Deadly Ebola probably touched down in Lagos, Nigeria, the largest city in Africa, on July 20. A man who was thought to be infected with the virus had arrived there on a flight from Liberia, where, along with Guinea and Sierra Leone, the largest recorded Ebola outbreak is currently raging. The Lagos case is the first to be internationally exported by air travel and today the UK foreign secretary announced that he would chair a government meeting on Ebola. As long as the virus continues to infect people in Liberia, Guinea and Sierra Leone, there is a small risk of more long-distance exports of the disease. But, as Nature’s Declan Butler explains, Ebola does not pose a global threat.

Is it worrying that the virus reached the largest city of the most populous African country?
The World Health Organization still considers the Lagos case a “probable” infection because it has not yet confirmed that the 40-year-old Liberian man had Ebola. He was quarantined upon arrival at the airport and taken to hospital, where he died on July 25. Assuming he had Ebola, if proper control measures were taken at the airport and at the hospital, the risk that health-care workers or others will become infected as a result of contact with him is low. The European Center for Disease Prevention and Control classifies people sharing public transport with someone infected as having a “very low” risk of catching the virus. Healthcare workers and doctors, several of whom have now been infected and died as a result of caring for people in the current outbreak, are at much higher risk and the WHO advises that they take strict precautions, which greatly lowers the risk.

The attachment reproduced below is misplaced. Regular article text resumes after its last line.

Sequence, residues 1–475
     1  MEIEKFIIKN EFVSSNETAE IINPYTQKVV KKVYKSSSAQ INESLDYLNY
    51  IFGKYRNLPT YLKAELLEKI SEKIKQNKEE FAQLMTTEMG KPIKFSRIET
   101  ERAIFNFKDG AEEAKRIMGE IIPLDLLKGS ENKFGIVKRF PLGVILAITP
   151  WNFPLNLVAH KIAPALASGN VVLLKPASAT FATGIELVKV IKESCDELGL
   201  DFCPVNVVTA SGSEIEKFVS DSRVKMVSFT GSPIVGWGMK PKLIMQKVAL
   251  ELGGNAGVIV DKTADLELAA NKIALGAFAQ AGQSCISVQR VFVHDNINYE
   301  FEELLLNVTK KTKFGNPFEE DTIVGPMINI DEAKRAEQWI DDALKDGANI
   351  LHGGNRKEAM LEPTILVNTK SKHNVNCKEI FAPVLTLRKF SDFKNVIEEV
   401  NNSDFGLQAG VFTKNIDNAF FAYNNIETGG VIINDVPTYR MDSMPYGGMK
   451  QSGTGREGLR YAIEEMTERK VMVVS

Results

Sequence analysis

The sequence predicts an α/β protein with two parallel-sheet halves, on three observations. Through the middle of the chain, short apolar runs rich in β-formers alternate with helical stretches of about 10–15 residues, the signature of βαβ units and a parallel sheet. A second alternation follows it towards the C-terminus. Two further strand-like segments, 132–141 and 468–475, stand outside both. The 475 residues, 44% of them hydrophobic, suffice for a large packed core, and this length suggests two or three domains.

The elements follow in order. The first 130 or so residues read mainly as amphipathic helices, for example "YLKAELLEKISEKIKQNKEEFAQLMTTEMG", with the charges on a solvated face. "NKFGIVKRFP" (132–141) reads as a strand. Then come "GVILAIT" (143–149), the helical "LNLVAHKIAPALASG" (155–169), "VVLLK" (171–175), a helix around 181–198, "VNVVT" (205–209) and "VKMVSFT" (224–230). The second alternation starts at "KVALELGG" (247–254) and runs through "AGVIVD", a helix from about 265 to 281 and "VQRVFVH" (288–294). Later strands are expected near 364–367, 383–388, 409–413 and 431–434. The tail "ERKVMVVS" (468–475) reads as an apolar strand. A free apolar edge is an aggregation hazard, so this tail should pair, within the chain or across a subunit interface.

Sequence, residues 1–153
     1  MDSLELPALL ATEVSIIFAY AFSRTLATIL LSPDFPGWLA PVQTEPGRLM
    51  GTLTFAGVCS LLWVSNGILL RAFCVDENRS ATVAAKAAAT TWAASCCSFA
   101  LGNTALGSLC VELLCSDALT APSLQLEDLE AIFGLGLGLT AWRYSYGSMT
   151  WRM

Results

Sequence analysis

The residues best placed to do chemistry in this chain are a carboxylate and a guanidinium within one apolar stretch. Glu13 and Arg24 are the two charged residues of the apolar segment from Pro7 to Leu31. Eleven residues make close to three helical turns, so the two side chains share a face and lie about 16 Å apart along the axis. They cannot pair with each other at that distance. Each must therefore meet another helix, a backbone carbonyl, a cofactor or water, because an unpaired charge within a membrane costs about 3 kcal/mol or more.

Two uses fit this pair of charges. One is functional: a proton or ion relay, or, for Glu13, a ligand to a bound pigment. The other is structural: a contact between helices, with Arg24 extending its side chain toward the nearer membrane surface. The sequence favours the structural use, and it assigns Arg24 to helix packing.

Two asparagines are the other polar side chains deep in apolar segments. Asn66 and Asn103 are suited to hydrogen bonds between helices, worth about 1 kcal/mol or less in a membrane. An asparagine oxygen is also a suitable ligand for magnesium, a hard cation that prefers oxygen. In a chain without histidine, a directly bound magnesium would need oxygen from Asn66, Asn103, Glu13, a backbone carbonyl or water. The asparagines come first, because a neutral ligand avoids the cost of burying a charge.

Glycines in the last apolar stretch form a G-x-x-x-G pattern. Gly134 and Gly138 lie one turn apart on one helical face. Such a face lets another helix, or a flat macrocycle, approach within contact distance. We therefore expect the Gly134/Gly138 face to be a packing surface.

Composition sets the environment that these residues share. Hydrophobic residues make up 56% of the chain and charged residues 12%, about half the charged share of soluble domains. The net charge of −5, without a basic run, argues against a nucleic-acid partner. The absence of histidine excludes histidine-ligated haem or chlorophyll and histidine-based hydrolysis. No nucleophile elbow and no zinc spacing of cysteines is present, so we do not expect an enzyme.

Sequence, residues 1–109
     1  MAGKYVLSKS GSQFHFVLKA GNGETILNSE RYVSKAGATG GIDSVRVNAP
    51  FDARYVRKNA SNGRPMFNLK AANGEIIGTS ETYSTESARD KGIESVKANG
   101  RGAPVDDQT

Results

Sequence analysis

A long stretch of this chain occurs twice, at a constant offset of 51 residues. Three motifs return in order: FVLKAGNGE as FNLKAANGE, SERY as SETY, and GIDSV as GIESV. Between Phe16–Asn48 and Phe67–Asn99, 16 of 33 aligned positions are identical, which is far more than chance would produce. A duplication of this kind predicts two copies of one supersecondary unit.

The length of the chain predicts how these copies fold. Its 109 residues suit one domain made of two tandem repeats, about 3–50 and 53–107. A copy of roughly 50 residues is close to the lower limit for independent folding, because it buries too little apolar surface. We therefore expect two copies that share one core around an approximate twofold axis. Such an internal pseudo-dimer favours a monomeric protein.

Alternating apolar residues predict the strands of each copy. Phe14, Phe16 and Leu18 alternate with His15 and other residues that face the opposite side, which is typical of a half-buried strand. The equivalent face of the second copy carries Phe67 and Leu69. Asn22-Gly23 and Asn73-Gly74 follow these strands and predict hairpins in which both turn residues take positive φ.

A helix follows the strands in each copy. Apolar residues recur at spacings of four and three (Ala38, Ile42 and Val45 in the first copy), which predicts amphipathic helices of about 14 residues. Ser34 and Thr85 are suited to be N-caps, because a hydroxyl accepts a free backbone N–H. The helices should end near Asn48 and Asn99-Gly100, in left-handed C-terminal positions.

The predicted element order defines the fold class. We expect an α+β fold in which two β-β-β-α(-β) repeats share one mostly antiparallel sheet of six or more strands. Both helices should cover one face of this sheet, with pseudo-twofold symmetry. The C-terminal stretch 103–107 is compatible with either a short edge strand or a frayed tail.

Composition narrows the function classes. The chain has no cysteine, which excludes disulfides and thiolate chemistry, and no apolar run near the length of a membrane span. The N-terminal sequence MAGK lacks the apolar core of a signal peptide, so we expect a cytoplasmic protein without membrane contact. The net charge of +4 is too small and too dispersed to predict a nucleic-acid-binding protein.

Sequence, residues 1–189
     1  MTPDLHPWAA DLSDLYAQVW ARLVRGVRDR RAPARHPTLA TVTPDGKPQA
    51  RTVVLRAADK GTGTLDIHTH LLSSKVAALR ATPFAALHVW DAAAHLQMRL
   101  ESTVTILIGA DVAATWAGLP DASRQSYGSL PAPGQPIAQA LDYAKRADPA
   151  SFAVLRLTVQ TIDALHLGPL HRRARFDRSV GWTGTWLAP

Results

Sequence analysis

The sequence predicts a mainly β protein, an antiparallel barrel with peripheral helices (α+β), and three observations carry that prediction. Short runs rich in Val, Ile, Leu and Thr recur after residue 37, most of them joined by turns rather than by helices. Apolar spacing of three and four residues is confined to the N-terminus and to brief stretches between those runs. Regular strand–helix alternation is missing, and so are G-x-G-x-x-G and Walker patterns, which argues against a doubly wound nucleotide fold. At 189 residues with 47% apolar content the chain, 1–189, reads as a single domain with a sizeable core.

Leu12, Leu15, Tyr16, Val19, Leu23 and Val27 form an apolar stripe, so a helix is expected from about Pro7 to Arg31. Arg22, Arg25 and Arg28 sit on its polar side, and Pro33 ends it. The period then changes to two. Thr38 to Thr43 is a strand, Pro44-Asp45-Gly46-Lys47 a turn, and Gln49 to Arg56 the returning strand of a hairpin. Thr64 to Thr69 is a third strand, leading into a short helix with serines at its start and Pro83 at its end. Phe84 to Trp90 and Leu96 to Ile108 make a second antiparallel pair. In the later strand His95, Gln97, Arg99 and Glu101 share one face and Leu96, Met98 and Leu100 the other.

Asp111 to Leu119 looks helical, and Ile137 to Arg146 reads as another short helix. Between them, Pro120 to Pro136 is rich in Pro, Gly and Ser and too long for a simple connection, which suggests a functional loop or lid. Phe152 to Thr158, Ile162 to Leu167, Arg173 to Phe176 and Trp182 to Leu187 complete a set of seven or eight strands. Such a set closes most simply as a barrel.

What about the risk of air travellers exporting the virus to other cities?
The ECDC also says the probability of an infected person getting on a flight in the first place is low, given the small overall number of Ebola cases. Moreover, functional health systems should be able to prevent onward spread from any exported cases. Overall, the World Health Organisation estimates that there is a high risk of spread to countries bordering those with existing outbreaks, a moderate risk to countries further afield in the sub-region, but that there is little chance of spread overseas. There is no reason to assume that an exported case — be it to Lagos, a city of 17 million people, or any other place — will spark new outbreaks, because Ebola is not highly contagious.

Wait, Ebola is hard to catch?
Though the strain of Ebola in the current outbreak appears to kill 56% of the people it infects, to become infected in the first place, a person's mucous membranes, or an area of broken skin, must come into contact with the bodily fluids of an infected person, such as blood, urine, saliva, semen or stools, or materials contaminated with these fluids such as soiled clothing or bed linen. By contrast, respiratory pathogens such as those that cause the common cold or flu are coughed and sneezed into the air and can be contracted just by breathing or touching contaminated surfaces, such as door knobs. A pandemic flu virus can spread around the world in days or weeks and may be unstoppable whereas Ebola only causes sporadic localized outbreaks that can usually be stamped out.

So why is the outbreak continuing in Guinea, Sierra Leone and Liberia?